For the 2023 goals to be accomplished, I need to work on them. To be able to work on them, I need plans, and a specific time in the day  when those plans will get executed. In order to get that time, some things that used up my time in the past must be dropped. Or I must get help. I chose to drop some of the old habits in order to make room for the new. Like short responses to questions and requests on WhatsApp. Previously I was writing a lot. Now I'm writing little so I stick to the most important points. It is this new habit that allows me to have time to work on the 2023 goals so I'm motivated to stick to it. 

At the time that I wrote this, chatting less on WhatsApp was the only change I could see needed to be made. Whilst that was not bad for a start, I didn't have deep insight into what I really meant by "dropping old habits to make room for the new"

Still, I did what I knew to do and went full speed on executing my 2023 goals. I developed the high-level plans, and I scheduled my life on Google calendar. Although I'd attempted running my life by a calendar before  in 2021, and 2022, and I'd managed to use it as a guide for my daily routine, for 2023, I wanted to go not half-way but all the way. I want to fully live by my calendar this year. And so I did try. 

What my trying achieved was: by 6 weeks into the year, I was exhausted. I wasn't getting enough sleep and I was dropping balls i.e. some of my goals weren't getting executed unless I dropped execution on some of my other goals. 

I was so thankful when my children got a week-long half-term break because it gave me time to catch up on sleep and recover but I wondered how I was going to survive the year if I was already wiped out only six weeks into it?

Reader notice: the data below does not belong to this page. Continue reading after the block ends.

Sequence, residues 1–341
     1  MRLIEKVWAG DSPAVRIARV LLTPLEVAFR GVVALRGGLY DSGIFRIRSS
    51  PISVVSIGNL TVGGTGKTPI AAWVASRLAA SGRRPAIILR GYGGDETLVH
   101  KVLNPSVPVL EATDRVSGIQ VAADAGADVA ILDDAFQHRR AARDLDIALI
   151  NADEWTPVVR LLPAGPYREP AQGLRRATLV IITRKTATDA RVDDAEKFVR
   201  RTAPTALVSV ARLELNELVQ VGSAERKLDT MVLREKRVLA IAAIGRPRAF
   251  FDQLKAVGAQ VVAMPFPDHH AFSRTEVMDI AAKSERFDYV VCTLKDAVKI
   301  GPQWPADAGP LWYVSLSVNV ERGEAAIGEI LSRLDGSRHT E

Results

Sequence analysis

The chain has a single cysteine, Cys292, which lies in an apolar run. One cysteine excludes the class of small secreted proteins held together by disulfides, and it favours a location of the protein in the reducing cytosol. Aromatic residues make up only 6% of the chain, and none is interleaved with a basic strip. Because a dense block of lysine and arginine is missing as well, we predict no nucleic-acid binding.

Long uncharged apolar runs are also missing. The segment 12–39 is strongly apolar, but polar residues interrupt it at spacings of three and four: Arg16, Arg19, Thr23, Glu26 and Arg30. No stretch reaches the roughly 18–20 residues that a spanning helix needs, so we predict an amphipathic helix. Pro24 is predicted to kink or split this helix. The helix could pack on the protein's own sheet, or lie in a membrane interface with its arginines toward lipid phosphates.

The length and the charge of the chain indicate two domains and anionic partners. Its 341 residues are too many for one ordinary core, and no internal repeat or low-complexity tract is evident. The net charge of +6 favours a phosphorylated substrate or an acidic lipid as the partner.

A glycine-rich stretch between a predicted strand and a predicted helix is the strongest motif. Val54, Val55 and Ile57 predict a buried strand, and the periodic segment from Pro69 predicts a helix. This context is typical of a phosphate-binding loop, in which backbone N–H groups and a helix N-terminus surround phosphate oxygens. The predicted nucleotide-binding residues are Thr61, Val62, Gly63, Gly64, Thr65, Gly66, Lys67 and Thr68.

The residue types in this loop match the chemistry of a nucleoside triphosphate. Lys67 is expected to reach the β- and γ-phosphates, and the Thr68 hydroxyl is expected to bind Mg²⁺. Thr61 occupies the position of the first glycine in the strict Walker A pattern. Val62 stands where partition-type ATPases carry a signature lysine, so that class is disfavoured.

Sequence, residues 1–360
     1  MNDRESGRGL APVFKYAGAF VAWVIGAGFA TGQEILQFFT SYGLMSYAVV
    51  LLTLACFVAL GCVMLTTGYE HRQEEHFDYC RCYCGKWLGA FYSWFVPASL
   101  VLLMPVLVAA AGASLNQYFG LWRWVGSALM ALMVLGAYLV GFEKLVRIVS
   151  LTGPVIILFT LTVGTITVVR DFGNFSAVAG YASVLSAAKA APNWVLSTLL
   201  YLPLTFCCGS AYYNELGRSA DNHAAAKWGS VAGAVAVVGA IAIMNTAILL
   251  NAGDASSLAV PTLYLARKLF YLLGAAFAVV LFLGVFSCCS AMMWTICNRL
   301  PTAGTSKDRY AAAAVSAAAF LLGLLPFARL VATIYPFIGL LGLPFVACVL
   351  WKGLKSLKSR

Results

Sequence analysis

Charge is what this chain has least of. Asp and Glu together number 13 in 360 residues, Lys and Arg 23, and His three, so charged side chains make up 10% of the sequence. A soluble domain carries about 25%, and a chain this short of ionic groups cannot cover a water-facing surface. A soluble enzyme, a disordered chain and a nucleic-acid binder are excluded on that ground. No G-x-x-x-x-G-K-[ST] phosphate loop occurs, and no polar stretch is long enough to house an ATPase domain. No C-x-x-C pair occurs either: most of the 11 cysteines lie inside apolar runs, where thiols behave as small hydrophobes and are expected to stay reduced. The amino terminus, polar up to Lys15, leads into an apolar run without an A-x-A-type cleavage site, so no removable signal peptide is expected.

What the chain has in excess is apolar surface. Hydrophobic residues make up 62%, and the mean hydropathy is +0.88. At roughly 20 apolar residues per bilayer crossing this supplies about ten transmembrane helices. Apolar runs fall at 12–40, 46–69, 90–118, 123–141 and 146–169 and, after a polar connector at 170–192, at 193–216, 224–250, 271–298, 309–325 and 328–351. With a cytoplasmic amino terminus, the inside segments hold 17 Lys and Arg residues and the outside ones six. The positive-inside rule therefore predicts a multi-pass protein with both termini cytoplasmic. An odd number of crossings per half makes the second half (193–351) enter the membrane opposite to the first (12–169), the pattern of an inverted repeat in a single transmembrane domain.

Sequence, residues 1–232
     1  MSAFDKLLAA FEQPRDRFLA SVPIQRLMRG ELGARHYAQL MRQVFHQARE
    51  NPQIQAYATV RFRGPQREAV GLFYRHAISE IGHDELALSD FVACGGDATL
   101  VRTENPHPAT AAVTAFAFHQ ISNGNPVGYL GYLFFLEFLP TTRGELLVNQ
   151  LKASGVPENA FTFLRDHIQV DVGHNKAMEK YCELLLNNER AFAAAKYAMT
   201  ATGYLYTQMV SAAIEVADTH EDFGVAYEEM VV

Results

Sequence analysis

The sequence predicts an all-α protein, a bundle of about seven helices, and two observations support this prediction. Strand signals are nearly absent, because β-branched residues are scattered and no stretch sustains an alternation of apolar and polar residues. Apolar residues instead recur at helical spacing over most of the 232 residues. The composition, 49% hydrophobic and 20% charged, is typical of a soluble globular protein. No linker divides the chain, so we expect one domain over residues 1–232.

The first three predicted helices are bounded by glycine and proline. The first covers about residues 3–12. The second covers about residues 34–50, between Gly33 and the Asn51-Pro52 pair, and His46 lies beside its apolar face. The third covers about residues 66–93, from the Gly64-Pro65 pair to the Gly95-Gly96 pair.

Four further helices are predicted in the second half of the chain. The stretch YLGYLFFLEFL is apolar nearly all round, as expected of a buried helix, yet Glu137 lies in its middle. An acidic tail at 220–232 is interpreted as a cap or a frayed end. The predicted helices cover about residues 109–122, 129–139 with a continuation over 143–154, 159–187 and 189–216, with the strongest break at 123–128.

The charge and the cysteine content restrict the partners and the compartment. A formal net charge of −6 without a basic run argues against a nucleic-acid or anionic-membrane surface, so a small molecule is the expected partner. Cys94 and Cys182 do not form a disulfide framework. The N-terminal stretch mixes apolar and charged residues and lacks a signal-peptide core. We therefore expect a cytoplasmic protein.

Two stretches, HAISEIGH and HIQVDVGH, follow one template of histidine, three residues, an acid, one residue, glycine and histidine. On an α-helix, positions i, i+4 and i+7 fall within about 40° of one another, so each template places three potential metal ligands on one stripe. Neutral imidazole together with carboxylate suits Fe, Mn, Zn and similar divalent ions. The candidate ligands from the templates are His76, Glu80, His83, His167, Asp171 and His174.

Half-term break ended and this week, they are back in school so I also picked up my routine again. But then I faced a hurdle. The hurdle was that I woke up on Monday tired because I hadn't gotten enough sleep on Sunday night. I mean I was exhausted. So much so that 15 minutes into my yoga session that usually lasts 45 minutes, I couldn't continue. How was I going to run the rest of my day? I needed sleep. So I took a 1 hour nap which was like a magic pill. Because when I woke up from that nap, I knocked all the rest of my activities planned for that day out of the park! 

From that experience, I was reminded that that's how I had done 2022. But even though 2022 had been good overall,  I didn't want to relive 2022. I wanted new capabilities in 2023 which would lead to new accomplishments. Then suddenly, sometime during the day, I had an insight! Taaaadaaaaa! I love when that happens. 

The insight was that what was keeping me from sleeping on time was poor personal boundaries. According to my calendar, my scheduled time of work was 12 pm-3:20 pm on Mondays and 11-2:30 pm all other weekdays. But I had allowed certain things to encroach on that time. So the work wasn't getting done in the time allocated to it. And because of that sometimes at night, after the kids had gone to bed, I would try to catch up on work. Wow!